Painters jazz up their style
A trio of North Shore painters with an affinity for jazz are exhibiting selected works to complement a production of the acclaimed musical "Ragtime."
And for two of them, painting a canvas marks a return to one of their first loves, following long professional careers.
"This is a second career path, what I'm doing now," said Highland Park resident Howard Jacobs, 82, who heads Howard Displays, Inc., an industrial design firm. "It began within this last year. I figured I might as well have some fun and pursue art."
Paintings by Jacobs, along with works by Jack Siegel of Deerfield and Yelena Klairmont of Highland Park, will be on display through August in "Syncopated Art," an exhibit in the lobby of the Apollo Theater in Chicago, where the 1998 musical is being performed by Porchlight Theatre. The exhibit was put together by Chicago's Anatomically Correct Gallery, which supports "art in alternative spaces."
For all three artists, music and art are closely intertwined in careers that in some ways resemble long journeys.
Born in Chicago, Jacobs moved to Highland Park in the fourth grade. At Highland Park High School, he studied art and took up the clarinet. He enjoyed the art but couldn't advance beyond the beginner's band. "I couldn't keep time," he admits.
Jacobs was such a fan of Benny Goodman that he and his pal Artie jumped the fence one night at Ravinia Opera (as it was called in the pre-World War II days) when Goodman's orchestra was playing.
"It was a crazy crowd," he recalled. "The band was blowing and everybody was dancing. It was really wild."
So it's no surprise that his paintings of Dixieland musicians reflect the wild expressiveness of jazz. His canvases, painted with palette knives, practically roar with vibrant reds and exaggerated closeups of horns, keyboards and drums.
His second career path is going pretty well. Jacobs is thrilled to have one of his paintings accepted for the exhibit "The Five Senses," scheduled for Sept. 28-Oct. 29 at Northbrook Library.
Jack Siegel, 73, turned to painting about nine years ago, in the midst of a career as president of Siegel Advertising. A graduate of the Art Institute of Chicago, Siegel often digs through books of old photos when preparing to paint a jazz-related canvas.
In the current show, his works include a painting of a New Orleans street musicians in visored caps and ties, and an evocative depiction of a 1920s band that includes a young Louis Armstrong and his then-wife Lil Hardin on piano.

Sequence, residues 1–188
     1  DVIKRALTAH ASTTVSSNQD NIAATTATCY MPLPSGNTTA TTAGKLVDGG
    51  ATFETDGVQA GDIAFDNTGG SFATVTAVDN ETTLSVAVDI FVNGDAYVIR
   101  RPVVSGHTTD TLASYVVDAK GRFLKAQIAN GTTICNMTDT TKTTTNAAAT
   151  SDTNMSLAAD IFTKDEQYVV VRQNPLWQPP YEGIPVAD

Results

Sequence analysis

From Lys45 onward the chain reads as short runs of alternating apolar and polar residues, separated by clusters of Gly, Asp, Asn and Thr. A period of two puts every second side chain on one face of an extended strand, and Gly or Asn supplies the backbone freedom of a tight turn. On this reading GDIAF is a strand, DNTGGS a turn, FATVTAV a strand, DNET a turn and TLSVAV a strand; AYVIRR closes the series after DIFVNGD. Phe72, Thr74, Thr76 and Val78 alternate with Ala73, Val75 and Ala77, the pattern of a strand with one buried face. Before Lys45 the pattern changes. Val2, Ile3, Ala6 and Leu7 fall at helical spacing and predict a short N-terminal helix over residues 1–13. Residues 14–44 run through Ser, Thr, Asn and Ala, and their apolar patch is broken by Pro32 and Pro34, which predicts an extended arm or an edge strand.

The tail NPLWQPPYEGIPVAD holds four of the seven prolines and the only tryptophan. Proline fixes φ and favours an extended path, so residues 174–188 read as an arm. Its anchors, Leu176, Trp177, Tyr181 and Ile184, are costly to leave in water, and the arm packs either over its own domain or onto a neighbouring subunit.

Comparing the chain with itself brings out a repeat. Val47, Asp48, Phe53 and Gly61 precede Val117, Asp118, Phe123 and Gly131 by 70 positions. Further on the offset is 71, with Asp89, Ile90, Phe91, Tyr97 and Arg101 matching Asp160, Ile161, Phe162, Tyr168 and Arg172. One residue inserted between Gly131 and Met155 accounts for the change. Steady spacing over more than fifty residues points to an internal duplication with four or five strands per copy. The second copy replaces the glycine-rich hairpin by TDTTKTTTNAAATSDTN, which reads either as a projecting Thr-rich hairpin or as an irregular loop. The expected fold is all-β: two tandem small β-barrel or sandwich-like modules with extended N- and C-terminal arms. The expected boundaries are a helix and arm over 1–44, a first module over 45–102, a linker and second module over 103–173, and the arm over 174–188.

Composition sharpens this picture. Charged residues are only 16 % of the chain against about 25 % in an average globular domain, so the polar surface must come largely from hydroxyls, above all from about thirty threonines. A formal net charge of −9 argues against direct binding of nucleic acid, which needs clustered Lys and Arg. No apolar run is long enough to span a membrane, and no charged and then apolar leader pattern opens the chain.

Siegel's career includes a stint in the U.S. Army in the 1950s, when he was stationed in Germany and worked as a set designer for an Army unit that produced plays that toured military bases.
Art and music are closely linked for Siegel, who says he draws in his sketchbook while attending classical concerts.
"It's basically an arousal of the senses," he said. "When I draw, I feel good, and listening to music makes me feel good. It's like I'm getting a double aesthetic charge."
But Klairmont, 45, a classically trained pianist born in the Ukraine, said she could never listen to music while she paints. The music keeps beckoning her to listen closely, and she does.
"Bossa nova can be background. But jazz, no," she said.
For "Syncopated Art," she contributed four pen-and-ink drawings of jazz musicians that evoke smoky nightclubs and grainy photos on old album covers. All playing with their eyes closed, her musicians are in private communion with their instruments, with thoughts and feelings that the viewer can only imagine.
While she's never formally studied jazz the way she had classical, she figures that "when I'm around 60, I'm going to take jazz improvisation" lessons.
Perhaps also in the future, she wants to return to jazz musicians as a subject for painting.
"These are like studies," she said of her small works in the current show. "I was planning to do larger works but then I switched to landscape painting and moved on to other things. One day, I'd like to come back and do it big, but you never know where life takes you."